Synaptotagmin 1, a protein found on synaptic vesicles, serves as a Ca2+ sensor in neurotransmitter release. This protein has 16 homologues, and while these other proteins are widely thought to serve related functions essentially nothing is known about where they are or what they do. Preliminary data presented in this application shows that several synaptotagmin isoforms are abundant in the posterior and/or anterior pituitary, glands that release peptide hormones that control essentially all vital aspects of mammalian physiology. Prior to these new preliminary results, the pituitary had been established as a preparation amenable to quantitative biophysical study of how peptide-containing vesicles fuse with the plasma membrane to release their content into the circulation. Thus, the finding of novel synaptotagmin isoforms in the pituitary offers a unique opportunity to test their function in detail and elucidate their precise roles in excitation-secretion coupling. This project will study the pituitary synaptotagmin isoforms with complementary approaches, investigating their binding properties in vitro, and their localization and physiological function in the pituitary. The functional studies employ a strategy of using transgenic mice for gene ablation of specific synaptotagmin isoforms, and gene targeting to identify specific cell populations that express those isoforms for electrical recording. By performing capacitance recording in identified cells and nerve terminals we will determine how syt isoforms regulate exocytosis in terms of Ca2+ sensitivity and fusion pores. The experiments proposed here will test the functions of synaptotagmins 4, 7, 9, 10, 11, and 12 in the release of hormones that control growth, metabolism, stress, fluid balance, and reproduction.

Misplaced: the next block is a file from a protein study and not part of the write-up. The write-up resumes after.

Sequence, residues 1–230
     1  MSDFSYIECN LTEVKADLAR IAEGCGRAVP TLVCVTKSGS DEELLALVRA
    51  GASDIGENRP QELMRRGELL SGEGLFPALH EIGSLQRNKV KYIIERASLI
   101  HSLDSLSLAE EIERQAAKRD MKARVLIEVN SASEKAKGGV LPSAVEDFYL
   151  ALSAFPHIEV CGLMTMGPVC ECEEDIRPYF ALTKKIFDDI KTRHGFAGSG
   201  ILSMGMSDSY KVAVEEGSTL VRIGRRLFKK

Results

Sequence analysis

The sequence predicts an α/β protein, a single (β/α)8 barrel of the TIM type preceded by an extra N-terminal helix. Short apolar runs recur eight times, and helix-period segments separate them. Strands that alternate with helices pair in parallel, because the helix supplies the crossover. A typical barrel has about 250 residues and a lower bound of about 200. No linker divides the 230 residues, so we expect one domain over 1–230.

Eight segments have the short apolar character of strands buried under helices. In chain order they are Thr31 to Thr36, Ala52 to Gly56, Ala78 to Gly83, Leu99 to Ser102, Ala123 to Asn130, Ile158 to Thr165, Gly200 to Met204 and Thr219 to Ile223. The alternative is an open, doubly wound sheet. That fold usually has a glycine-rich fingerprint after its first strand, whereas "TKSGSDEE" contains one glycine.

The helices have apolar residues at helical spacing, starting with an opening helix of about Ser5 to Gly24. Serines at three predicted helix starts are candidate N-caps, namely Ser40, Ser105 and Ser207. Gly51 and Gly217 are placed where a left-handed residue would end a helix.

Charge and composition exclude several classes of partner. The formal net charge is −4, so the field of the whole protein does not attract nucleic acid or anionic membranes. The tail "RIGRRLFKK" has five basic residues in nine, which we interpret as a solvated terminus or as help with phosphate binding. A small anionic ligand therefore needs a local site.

Public Health Relevance

These experiments will shed light on the function of a class of proteins with broad roles in neurological, mental, and endocrine function and thus contribute to improving treatment of neurological disorders and mental illness. By illuminating the mechanisms of control of the pituitary hormones oxytocin, vasopressin, growth hormone, adrenocorticotropin, thyroid stimulating hormone, follicle stimulating hormone, luteinizing hormone, and prolactin, these studies will improve our understanding of growth defects, abnormal stress responses, metabolic disorders, and reproductive health.

National Institute of Health (NIH)
National Institute of Neurological Disorders and Stroke (NINDS)
Research Project (R01)
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Special Emphasis Panel (ZRG1-MDCN-P (04))
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Whittemore, Vicky R
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University of Wisconsin Madison
Schools of Medicine
United States
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